The ΔFosB cDNA(41) (purchased from ATCC) was excised from the construct ΔFosB3s as an Xho I/Not I fragment and subcloned in the LacI repressible vector pOPRSVI (Stratagene, La Jolla, CA, U.S.A.). ΔFosB (pOPRSVI-ΔFosB) and Lac repressor (pCMVLacI) expression plasmids were transfected simultaneously into ROS 17/2.8 cells using the lipofectin reagent (Life Technologies). Stable clones were selected in culture medium containing 500 μg/ml G418 and 200 μg/ml hygromycin. Resistant clones were first screened by Northern blot for constitutive Lac repressor expression and inducible expression of ΔFosB on isopropyl-1-thio-β-D-galactoside (IPTG) stimulation. Three clones out of seven were positive for both ΔFosB and Lac repressor mRNA, and two of them (called ROPF3 and ROPF7) were used for further experiments. Incubation for 24-48 h in culture medium containing 5 mM IPTG was used to induce ΔFosB expression. ΔFosB protein expression was analyzed by immunoblotting (see the following section). During the incubation, IPTG (5 mM) was added every 24 h to maintain the stable expression of ΔFosB.
Immunoprecipitation and immunoblotting
ΔFosB-transfected cells (ROPF3 and ROPF7) were grown for 24 h and then stimulated or not stimulated (control) with IPTG (5 mM). After 48 h, cells were washed twice in ice-cold PBS, scraped off plates in cell lysis buffer (20 mM Tris/HCl, pH 7.5, 150 mM NaCl, 1% NP-40, 10% Glycerol, 1 mM PMSF, 1 μg/ml leupeptin, and 1 μg/ml pepstatin), and then sonicated for 20 s. Lysates were cleared by centrifugation at 12,000g for 15 minutes, and protein concentrations were determined using Micro BCA protein assay (Pierce, Rockford, IL, U.S.A.). Equal amounts of protein were rotated overnight at 4°C with 1 μg of anti-FosB (Santa-Cruz Biotechnology). After binding to protein A-Sepharose (Pharmacia Biotechnology, Uppsalla, Sweden), the immune complexes were washed three times with cell lysis before being resuspended in 25 μl of 2× SDS sample buffer (15% glycerol, 125 mM Tris/HCl, pH 6.8, 5 mM EDTA, 2% SDS, 0.1% bromophenol blue, and 1% 2-mercaptoethanol). Samples were resolved on 15% SDS-polyacrylamide gel electrophoresis (PAGE) and transferred onto a polyvinylidene difluoride (PVDF) membrane using a Bio-Rad Transblot apparatus (Bio-Rad). The membrane was blocked with 5% nonfat dry milk in Tris-buffered saline 0.05% Tween 20 (TBS-T) for 30 minutes and incubated for 2 h at room temperature with anti-FosB antibody (400 ng/ml; Santa Cruz Biotechnology) in TBS-T containing 5% nonfat dry milk. After washing with TBS-T (6× 5 minutes), the membrane was incubated for 45 minutes with horseradish peroxidase-conjugated secondary antibodies in TBS-T containing 5% nonfat dry milk. The membrane was washed (4× 5 minutes in TBS-T, 2× 5 minutes in TBS) before visualizing the immunoreactive bands by enhanced chemiluminescence (ECL; Amersham).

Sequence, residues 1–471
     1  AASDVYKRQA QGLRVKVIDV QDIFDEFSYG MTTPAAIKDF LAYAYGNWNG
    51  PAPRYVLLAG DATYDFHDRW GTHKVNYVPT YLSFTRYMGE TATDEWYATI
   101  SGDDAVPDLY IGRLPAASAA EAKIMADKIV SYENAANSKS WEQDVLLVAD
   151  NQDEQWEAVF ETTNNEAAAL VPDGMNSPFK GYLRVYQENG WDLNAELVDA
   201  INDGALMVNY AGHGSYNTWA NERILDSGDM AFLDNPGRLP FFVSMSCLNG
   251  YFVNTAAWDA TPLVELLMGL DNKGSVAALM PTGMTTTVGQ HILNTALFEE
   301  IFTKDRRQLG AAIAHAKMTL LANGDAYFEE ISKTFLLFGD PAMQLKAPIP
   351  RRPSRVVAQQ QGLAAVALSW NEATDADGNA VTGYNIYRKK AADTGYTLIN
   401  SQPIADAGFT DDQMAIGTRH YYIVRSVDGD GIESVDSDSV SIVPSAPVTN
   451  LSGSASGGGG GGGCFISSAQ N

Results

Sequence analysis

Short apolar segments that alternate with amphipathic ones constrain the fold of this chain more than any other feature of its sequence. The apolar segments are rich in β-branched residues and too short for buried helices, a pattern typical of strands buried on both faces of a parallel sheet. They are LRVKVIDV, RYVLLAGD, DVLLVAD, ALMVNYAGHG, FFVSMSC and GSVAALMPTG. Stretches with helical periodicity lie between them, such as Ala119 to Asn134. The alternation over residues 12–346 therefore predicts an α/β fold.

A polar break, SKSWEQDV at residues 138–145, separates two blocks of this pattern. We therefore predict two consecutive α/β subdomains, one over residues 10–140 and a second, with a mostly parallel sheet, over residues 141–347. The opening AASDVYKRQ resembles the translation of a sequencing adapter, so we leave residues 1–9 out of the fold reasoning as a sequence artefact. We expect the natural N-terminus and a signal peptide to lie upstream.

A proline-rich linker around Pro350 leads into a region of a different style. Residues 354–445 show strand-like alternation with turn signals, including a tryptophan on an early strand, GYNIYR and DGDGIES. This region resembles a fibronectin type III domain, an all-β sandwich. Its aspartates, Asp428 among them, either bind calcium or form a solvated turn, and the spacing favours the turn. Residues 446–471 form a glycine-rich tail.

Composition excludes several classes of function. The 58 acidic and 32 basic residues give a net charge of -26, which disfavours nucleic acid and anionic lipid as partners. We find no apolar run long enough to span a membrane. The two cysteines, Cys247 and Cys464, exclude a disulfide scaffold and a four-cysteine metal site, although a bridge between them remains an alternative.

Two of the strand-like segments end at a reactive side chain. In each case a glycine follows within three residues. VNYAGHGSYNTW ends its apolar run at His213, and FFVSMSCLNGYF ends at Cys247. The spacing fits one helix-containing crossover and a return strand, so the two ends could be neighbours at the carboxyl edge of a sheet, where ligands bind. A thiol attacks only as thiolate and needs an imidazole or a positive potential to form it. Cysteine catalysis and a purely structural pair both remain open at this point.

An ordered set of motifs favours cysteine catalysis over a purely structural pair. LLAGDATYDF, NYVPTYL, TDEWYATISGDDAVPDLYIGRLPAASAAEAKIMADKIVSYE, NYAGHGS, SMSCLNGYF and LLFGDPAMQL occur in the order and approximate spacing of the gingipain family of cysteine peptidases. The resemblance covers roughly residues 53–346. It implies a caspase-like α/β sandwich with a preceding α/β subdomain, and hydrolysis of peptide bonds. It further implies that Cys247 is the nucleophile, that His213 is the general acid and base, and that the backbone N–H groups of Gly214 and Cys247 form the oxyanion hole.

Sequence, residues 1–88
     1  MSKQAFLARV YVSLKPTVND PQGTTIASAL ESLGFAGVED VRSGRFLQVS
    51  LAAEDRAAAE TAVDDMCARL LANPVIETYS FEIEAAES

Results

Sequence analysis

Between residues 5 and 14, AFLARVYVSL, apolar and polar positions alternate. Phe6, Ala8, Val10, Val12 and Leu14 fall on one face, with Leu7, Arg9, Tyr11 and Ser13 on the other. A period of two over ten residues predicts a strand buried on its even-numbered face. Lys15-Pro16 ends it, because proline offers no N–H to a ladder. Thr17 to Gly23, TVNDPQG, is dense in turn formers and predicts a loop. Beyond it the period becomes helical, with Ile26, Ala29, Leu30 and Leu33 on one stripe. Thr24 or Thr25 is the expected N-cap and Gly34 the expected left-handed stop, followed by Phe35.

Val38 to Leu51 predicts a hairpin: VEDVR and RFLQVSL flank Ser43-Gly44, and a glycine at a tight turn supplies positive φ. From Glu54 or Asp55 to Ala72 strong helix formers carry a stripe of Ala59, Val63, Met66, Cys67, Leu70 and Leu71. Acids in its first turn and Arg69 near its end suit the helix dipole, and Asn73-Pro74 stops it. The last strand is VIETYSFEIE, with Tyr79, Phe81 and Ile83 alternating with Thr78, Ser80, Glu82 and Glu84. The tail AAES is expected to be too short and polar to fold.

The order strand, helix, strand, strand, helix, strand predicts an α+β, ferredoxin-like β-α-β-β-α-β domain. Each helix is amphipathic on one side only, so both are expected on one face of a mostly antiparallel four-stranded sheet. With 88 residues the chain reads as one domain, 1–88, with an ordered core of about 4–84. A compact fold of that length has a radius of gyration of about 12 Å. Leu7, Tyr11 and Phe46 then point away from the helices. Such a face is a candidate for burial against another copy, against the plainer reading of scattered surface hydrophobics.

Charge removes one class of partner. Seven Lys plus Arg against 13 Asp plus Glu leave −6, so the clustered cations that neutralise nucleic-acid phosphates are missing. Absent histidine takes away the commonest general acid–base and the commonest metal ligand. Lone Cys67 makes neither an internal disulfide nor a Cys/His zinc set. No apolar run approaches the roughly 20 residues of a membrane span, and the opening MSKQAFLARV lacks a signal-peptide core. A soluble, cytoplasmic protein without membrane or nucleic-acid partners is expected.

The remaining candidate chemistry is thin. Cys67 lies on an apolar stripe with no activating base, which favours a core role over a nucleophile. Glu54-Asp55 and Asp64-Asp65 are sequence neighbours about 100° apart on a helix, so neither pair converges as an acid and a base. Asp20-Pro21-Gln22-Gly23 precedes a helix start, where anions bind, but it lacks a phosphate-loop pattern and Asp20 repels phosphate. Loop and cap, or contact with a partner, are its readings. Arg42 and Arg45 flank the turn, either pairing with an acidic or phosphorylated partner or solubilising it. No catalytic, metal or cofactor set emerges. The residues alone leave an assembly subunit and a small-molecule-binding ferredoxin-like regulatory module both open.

Effect of TGF-β1 and BMP-2 on c-fos and junB mRNA levels
We first examined the effects of TGF-β1 and BMP-2 on mRNA expression of members of the AP-1 family. Cells were incubated in the presence of vehicle (2% serum, as control), TGF-β1 (5 ng/ml), or BMP-2 (50 ng/ml) for 30-120 minutes. The experimental conditions were chosen according to our previous study.(42) Total RNA was isolated at the indicated times and subjected to Northern blot analysis for c-fos, junB (Fig. 1), and c-jun (data not shown) expression. As an indication of the basal level of expression of each gene, the time zero is shown (Fig. 1). Before treatment, weak constitutive expression of junB mRNA was observed whereas c-fos mRNA expression was not detectable. In control cells, addition of 2% serum (vehicle) resulted in a slight increase of junB mRNA and an induction of c-fos mRNA. The serum stimulatory effect on junB and c-fos mRNA expression was maximal after 30 minutes and returned to basal level after 90 minutes. In comparison, a greater increase of junB mRNA levels was observed with TGF-β1. This effect was at a maximum after 60 minutes of treatment and lasted for at least 120 minutes. In addition, TGF-β1 increased the expression level of c-fos mRNA but the effect was more transient. This effect reached maximum stimulation at 45 minutes of incubation, and after 120 minutes, the c-fos mRNA was no longer detectable. BMP-2 also increased junB and c-fos mRNA expression. BMP-2 stimulated junB mRNA expression with a slightly different time course than TGF-β1 because the effect was already observed after 30 minutes of incubation. Furthermore, the maximum stimulation was greater than with TGF-β1 and the stimulatory effect was still considerable after 120 minutes of treatment. The time courses of TGF-β1- and BMP-2-induced increases in c-fos mRNA levels were comparable. However, BMP-2 caused a greater increase in c-fos mRNA levels than did TGF-β1. In contrast, c-jun mRNA expression was not affected by either TGF-β1 or BMP-2 treatment in this cell line (data not shown).
Involvement of protein kinase activities in TGF-β1- and BMP-2-induced increases in c-fos and junB mRNA expression